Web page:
Enabling your patients to get their health records on iPhone can help them more actively participate in their health and help drive overall awareness of your patient portal.
Manage your medical information and access it anywhere.
A safe, secure place for all your health information, Immunizations, procedures, allergies and more: store your health activity in a HIPAA-secure environment online and access to it all at the click of a button or the pinch of a mobile device. We’ll sort it for you, timeline-style, to make it easy to present to your doctor at in-person appointments.
The free Medfusion Plus health record app lets you gather all your family’s patient portal health information into one organized, convenient place that you can carry with you always!
ALL your records from ALL your doctors.
Sign up in 5 minutes. We do the legwork.
Clean, patient-friendly health timeline.
iBlueButton is the mobile embodiment of the Blue Button initiative to enable patients to easily access and share their health records with their physicians, anywhere and anytime.
Since its inception, SGMS has been adding features and functionality to it array of products, and has recently added their newest PHR (Portable Health Record) or EMR (Electronic Medical Record), the Dog-Tag PHR. In sizes from 2gb up to 32 Gigs of storage, this new and novel product was fashioned after the WW II dog tags worn by the GI's in service.
MedXCom was founded in 2010 by three physicians who wanted to improve communication between health care providers and their patients by using current technology. They teamed up with a sophisticated group of Health IT developers to create a Communications System which allows health care providers and patients to securely communicate in a State-of-the-Art, cost-effective way while abiding by HIPAA standards.
My HealtheVet is a free, online Personal Health Record that empowers Veterans to become informed partners in their health care. With My HealtheVet, America's Veterans can access trusted, secure, and current health and benefits information as well as record, track and store important health and military history information at their convenience.
Your vital information is available to first responders via telephone or internet.
With its leap into the electronic health-records field, Apple Inc. is trying to solve a problem that has vexed tech companies for years: simplifying disparate networks of medical information and putting more data into the hands of consumers.
Big data could provide early warning of disease—if medical records can learn to talk to one other.
Americans may soon be able to get their medical records through smartphone apps as easily as they order takeout food from Seamless or catch a ride from Lyft. But prominent medical organizations are warning that patient data-sharing with apps could facilitate invasions of privacy — and they are fighting the change. The battle stems from landmark medical information-sharing rules that the federal government is now working to complete. The rules will for the first time require health providers to send medical information to third-party apps, like Apple’s Health Records, after a patient has authorized the data exchange
And there’s very little you can do about it.
Apple's Health Record app allows patients to pull in their healthcare info from multiple providers onto a single record they can share with clinicians, regardless of where they work. Here's how that's working for two hospitals.
Storing and retrieving your health and medical information couldn't be easier. And you can carry it with you anywhere you go. Here's our picks for the EHR that may work for you!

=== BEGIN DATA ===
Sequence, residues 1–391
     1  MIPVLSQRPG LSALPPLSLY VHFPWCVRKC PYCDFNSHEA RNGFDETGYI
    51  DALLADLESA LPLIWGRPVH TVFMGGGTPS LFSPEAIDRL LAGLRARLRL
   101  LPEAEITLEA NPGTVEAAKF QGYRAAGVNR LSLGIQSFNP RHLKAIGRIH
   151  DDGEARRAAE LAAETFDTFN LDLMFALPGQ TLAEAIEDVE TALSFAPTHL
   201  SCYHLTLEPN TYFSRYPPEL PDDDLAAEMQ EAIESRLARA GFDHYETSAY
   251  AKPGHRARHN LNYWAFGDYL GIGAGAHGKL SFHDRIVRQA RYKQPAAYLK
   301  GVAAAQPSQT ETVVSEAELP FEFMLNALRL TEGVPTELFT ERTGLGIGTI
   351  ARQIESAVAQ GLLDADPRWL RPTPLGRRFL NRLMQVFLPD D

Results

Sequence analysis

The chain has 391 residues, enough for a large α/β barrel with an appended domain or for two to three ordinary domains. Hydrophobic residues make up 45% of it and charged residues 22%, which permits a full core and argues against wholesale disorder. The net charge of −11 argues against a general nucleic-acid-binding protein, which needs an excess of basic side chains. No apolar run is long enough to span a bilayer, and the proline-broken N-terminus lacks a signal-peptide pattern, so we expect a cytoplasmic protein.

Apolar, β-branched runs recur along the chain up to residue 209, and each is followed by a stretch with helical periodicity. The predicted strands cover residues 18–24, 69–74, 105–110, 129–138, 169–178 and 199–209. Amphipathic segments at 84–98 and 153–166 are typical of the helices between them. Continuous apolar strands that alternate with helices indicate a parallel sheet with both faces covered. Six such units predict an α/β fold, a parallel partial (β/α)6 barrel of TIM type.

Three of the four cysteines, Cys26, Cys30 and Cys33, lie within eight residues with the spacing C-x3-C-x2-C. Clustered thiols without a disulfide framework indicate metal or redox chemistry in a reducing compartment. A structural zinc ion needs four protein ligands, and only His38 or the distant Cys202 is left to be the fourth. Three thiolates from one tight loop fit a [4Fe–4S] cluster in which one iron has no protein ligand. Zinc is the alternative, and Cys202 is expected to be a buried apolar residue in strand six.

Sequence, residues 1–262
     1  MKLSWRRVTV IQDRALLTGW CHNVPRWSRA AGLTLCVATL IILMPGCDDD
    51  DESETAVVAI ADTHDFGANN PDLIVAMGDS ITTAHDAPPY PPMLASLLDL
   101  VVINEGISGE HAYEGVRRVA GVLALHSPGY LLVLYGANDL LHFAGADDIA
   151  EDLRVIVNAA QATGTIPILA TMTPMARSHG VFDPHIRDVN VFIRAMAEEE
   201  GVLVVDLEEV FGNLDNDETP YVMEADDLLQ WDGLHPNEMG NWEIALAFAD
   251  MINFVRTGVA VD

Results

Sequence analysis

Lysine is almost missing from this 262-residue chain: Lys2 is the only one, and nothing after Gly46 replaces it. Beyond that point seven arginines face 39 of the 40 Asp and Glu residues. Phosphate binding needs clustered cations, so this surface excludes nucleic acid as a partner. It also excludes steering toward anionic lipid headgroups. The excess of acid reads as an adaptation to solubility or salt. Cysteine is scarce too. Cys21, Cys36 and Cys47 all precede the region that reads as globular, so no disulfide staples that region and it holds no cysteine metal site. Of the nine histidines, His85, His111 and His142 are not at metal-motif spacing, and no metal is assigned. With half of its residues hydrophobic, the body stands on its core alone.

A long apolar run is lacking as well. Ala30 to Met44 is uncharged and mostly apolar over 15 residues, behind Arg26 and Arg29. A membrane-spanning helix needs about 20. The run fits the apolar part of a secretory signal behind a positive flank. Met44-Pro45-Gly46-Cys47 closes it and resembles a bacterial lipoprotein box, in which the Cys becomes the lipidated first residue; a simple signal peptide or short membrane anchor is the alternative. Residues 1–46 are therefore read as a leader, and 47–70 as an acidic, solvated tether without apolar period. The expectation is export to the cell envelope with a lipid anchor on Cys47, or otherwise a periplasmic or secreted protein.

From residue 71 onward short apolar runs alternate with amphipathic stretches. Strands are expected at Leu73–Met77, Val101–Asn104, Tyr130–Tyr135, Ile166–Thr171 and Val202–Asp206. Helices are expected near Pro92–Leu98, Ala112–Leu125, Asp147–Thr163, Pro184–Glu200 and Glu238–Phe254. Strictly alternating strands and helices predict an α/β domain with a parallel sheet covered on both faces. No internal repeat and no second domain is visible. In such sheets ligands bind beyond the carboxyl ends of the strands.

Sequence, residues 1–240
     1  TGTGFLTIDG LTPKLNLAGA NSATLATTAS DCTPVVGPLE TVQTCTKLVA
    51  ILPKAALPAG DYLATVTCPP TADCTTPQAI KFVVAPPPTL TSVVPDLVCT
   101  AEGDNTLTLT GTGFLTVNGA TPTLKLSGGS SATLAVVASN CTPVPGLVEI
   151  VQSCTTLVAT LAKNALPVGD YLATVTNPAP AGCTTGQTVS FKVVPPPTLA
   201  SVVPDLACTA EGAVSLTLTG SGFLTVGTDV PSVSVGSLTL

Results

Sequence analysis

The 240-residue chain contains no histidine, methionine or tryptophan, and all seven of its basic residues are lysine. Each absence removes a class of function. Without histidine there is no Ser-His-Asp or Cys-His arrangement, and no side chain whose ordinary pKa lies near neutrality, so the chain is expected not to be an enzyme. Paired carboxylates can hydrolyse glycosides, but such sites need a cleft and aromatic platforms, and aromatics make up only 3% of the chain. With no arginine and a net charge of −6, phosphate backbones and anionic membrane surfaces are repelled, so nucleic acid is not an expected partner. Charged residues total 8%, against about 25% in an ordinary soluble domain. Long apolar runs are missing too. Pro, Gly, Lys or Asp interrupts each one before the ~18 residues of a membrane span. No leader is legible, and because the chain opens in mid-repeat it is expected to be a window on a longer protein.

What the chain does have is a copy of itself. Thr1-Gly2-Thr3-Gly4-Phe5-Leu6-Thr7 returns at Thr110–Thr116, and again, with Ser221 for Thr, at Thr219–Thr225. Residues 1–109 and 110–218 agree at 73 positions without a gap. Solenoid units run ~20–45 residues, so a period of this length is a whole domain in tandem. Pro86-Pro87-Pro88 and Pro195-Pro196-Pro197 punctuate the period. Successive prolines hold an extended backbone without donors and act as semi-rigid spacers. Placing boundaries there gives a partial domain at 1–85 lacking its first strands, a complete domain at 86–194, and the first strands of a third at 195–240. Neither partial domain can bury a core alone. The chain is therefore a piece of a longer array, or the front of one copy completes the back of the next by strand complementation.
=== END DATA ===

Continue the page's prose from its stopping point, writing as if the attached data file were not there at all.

HOW far would you go to protect your health records? Your privacy matters, of course, but consider this: Mass data can inform medicine like nothing else and save countless lives, including, perhaps, your own.
"Yes, there are problems in any technology implementation and there always will be. But fewer people die. Yes, it is important to connect with the patient. But fewer people die. Yes, the opportunity to pad billing is obscene. But fewer people die."
The monitoring and analysis of electronic medical records, some scientists say, have the potential to make every patient a participant in a vast, ongoing clinical trial, pinpointing treatments and side effects that would be hard to discern from anecdotal case reports or expensive clinical trials.
Perhaps the most frustrating issue with electronic medical records right now is that they don't talk to each other; hospital A and hospital B typically have different records, made by different vendors, that can't share information. This means that even if hospital A and hospital B are across the street from each other, you still need to phone in or fax or print out any type of medical information you wish to share.
Imagine a world in which your health information is automatically collected and shared between your doctor, surgeon, hospital, and insurance company — confidentially, seamlessly, and in real time. In this utopia, healthcare providers and medical researchers can also securely access this data to streamline operations and discover novel cures and innovative therapies. This is the promise of the vital union of information technology and healthcare.
At a time when many insurers and health information technology companies are busily assembling databases of hundreds of millions of medical records, Americans find it difficult to get access to their own.
Silicon Valley’s rush into the health-care business is challenging the antiquated protections of Americans’ medical histories
Despite years of rhetoric, patients have never really been at the center of the health care universe ― at least not since the introduction of electronic health records (EHR). And this has become increasingly obvious in the fight for access and control of patient medical data.